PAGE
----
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Cancer patients inherit brand-new immune systems after undergoing bone marrow transplants. Though this intensive therapy can rid the body of malignancies, it often triggers graft-versus-host disease — a condition in which freshly adopted immune cells mount violent attacks on a person’s tissues and organs, viewing them as foreign.

Other than steroids, which only work about half of the time, there have been few options to treat the disease. GVHD, as the condition is known, is often fatal.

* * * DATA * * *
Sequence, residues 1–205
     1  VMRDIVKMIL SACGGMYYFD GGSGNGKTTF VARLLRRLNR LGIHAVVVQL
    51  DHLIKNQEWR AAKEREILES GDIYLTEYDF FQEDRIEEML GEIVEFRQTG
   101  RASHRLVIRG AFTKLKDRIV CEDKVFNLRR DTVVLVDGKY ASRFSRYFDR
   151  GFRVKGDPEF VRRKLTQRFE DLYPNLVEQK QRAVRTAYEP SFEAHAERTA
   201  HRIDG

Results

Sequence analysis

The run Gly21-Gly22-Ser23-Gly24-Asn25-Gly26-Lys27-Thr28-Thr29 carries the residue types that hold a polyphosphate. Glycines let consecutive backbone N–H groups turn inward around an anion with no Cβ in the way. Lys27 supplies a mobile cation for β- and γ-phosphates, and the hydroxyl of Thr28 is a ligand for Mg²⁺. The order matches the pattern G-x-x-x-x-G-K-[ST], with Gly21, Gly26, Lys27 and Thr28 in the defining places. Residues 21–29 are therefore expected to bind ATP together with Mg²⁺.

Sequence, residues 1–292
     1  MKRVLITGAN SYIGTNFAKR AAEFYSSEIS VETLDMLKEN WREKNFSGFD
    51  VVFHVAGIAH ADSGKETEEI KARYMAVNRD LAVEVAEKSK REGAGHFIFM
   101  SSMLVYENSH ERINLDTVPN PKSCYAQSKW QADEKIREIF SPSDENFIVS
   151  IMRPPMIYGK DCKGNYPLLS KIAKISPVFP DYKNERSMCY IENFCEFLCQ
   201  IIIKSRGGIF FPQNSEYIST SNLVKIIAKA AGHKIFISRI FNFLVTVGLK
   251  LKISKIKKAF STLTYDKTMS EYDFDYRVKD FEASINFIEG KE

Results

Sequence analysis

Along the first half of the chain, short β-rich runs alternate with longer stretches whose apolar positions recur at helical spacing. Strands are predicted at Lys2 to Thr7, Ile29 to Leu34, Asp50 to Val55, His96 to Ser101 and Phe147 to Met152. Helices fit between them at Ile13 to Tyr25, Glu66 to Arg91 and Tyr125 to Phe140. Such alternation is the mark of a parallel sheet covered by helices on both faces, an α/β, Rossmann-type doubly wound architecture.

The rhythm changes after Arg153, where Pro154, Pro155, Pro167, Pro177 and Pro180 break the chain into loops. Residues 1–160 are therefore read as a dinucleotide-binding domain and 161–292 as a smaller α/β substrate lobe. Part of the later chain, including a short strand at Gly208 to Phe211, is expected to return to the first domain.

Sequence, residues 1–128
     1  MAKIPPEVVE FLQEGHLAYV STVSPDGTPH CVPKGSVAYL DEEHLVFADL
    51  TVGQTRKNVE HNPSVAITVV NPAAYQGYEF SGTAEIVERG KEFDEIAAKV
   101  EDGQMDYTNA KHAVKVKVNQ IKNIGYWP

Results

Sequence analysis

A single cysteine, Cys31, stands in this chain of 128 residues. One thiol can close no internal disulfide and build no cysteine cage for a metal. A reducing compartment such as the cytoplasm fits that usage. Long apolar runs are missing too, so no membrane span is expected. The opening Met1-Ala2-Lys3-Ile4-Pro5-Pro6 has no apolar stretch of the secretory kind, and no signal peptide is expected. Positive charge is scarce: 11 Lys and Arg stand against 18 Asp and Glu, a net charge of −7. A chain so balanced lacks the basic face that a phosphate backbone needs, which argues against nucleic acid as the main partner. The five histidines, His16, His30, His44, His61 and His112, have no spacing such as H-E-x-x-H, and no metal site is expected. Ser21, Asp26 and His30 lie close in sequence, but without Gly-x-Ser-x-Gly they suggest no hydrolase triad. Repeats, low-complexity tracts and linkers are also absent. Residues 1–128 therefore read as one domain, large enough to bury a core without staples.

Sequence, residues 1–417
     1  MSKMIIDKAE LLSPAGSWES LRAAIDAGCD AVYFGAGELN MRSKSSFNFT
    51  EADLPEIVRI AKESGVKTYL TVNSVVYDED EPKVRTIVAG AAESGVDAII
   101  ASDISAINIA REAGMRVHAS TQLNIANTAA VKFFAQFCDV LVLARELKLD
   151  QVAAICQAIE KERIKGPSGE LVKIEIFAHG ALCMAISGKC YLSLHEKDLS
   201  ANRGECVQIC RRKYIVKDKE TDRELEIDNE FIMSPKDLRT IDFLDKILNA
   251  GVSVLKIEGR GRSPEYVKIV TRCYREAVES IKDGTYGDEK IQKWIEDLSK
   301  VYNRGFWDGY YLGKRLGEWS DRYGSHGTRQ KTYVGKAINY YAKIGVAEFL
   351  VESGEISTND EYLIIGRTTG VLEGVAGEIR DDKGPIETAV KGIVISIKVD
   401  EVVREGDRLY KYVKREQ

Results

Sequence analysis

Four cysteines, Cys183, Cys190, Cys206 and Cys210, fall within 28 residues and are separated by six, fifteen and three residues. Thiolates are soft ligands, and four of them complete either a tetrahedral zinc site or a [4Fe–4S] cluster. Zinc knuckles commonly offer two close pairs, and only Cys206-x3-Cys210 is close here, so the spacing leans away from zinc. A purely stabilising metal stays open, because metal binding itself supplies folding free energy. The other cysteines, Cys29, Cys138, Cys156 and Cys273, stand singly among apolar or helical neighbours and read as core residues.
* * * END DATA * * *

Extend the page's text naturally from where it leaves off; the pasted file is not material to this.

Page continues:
But a new Phase 3 study in the New England Journal of Medicine confirms what many oncologists have known, anecdotally, for years: that ruxolitinib, a chemotherapy drug, can dramatically improve the odds of patients who have had bone marrow transplants — calming their grafted immune system’s attack on the body. The drug was tested in patients who had an acute form of the disease and who didn’t respond to steroids or other therapies. 

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